PENSACOLA, Fla. — A former medical examiner crudely preserved human brains, hearts and lungs in soda cups and plastic food containers found inside a storage unit in Florida, authorities said Tuesday.
A man bought the contents of a storage unit at auction last week in Pensacola and made the gruesome discovery after being overpowered by a strange smell while sifting through furniture and boxes.
Investigators found formaldehyde, a chemical used to embalm and preserve bodies, leaking from a 32-ounce drink cup with a cracked lid that was holding a heart, said Jeff Martin, director of the District 1 Medical Examiner's Office in Pensacola. The unit had been rented previously by Dr. Michael Berkland.
"How horrible it is for the families of these deceased to think that someone's loved one's organs are basically rotting away in a storage unit somewhere. It's horrible," Martin said.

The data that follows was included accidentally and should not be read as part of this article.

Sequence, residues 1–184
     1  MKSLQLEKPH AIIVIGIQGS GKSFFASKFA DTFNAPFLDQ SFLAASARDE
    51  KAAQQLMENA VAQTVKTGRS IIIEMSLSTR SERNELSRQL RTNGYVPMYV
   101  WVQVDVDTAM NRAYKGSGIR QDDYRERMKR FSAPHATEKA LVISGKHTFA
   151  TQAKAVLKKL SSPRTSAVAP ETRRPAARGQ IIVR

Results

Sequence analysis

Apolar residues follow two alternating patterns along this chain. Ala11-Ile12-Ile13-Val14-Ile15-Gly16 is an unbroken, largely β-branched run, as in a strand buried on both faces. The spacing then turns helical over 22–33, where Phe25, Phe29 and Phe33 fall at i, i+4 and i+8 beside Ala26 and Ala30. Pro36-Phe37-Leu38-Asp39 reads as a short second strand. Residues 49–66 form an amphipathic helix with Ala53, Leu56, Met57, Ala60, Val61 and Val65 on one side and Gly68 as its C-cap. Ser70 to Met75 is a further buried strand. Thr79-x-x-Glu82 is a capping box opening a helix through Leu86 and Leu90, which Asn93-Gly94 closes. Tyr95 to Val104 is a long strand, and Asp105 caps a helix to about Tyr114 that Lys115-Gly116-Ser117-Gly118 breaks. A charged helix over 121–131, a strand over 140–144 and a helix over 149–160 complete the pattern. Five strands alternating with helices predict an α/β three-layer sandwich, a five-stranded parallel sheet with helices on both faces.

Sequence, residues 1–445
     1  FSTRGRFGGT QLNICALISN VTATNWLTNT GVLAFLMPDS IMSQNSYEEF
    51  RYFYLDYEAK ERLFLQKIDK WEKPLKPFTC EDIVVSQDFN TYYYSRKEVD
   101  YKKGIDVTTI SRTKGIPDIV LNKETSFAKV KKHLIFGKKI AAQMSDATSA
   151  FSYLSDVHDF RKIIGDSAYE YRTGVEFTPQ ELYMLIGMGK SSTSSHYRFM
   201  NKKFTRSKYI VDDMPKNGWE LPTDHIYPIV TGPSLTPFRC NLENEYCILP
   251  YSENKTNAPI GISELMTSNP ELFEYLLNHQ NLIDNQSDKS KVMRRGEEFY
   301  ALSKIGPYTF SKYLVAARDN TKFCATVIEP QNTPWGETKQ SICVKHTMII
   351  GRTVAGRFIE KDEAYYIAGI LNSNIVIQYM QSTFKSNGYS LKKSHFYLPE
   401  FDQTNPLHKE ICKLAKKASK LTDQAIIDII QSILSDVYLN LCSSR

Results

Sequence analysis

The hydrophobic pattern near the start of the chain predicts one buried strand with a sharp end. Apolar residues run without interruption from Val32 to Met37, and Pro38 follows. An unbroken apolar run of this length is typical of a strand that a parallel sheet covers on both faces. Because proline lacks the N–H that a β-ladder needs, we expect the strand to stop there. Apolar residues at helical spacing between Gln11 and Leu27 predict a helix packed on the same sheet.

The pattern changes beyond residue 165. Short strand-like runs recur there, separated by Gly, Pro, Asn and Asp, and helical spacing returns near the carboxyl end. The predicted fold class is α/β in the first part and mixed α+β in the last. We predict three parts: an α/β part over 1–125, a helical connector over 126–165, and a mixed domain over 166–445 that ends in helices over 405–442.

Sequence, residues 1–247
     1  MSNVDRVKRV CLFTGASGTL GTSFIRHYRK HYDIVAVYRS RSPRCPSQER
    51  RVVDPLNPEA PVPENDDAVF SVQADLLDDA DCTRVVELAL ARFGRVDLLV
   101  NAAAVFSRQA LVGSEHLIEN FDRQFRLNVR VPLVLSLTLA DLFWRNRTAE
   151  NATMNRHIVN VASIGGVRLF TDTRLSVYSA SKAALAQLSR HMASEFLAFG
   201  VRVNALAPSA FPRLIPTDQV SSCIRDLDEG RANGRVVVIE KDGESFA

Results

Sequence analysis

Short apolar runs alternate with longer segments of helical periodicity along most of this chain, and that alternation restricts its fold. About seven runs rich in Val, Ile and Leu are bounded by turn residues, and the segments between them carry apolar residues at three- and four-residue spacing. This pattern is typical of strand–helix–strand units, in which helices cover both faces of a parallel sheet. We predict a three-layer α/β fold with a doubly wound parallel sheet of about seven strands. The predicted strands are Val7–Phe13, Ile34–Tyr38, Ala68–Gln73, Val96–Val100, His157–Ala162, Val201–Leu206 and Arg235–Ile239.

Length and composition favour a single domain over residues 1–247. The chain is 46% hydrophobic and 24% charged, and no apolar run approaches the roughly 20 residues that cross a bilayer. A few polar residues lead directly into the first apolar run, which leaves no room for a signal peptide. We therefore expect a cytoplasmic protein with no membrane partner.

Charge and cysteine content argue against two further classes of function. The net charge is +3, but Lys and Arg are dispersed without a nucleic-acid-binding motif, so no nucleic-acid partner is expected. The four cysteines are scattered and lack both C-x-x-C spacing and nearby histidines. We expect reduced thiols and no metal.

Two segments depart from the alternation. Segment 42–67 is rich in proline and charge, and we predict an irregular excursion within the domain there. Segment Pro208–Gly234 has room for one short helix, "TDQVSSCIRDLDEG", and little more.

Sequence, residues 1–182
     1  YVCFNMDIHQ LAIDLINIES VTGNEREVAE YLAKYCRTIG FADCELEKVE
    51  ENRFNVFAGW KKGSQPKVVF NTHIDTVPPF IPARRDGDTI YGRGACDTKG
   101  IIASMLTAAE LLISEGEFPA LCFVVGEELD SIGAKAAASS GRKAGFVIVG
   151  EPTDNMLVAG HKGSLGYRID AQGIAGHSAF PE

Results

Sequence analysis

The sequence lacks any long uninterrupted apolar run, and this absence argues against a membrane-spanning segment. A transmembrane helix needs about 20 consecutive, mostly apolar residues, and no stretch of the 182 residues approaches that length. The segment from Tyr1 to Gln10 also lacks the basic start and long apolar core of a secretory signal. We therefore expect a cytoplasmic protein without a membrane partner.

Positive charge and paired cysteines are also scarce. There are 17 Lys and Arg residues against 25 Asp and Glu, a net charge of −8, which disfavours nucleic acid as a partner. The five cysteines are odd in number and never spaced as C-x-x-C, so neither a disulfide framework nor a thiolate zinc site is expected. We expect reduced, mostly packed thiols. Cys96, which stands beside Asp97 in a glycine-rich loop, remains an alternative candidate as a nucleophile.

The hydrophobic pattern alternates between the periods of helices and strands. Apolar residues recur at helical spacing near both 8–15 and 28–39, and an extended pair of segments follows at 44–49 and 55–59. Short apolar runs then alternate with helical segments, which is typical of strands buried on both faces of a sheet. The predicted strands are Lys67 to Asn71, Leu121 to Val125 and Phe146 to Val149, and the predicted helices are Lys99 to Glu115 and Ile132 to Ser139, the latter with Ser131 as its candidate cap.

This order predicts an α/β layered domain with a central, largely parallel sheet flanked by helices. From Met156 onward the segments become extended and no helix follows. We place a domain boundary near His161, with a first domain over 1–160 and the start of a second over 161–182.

Berkland worked at the medical examiner's office from 1997 until 2003, when he was fired for not completing autopsy reports. Officials said he was also performing private autopsies in the area, but it's unclear if any of the organs were from autopsies he conducted while working at the medical examiner's office. The medical examiner's office is now cross-referencing names in their database during that time period, Martin said.
Officials are also trying to locate family members for some of the victims, but many of the organs are not labeled, making it nearly impossible to identify them.
No charges have been filed against Berkland. His attorney Eric Stevenson declined comment Tuesday. Phone calls and emails to Pensacola Police were not immediately returned.
Officials are trying to determine whether Berkland broke any laws regarding biomedical waste and the storing and disposing of human remains.
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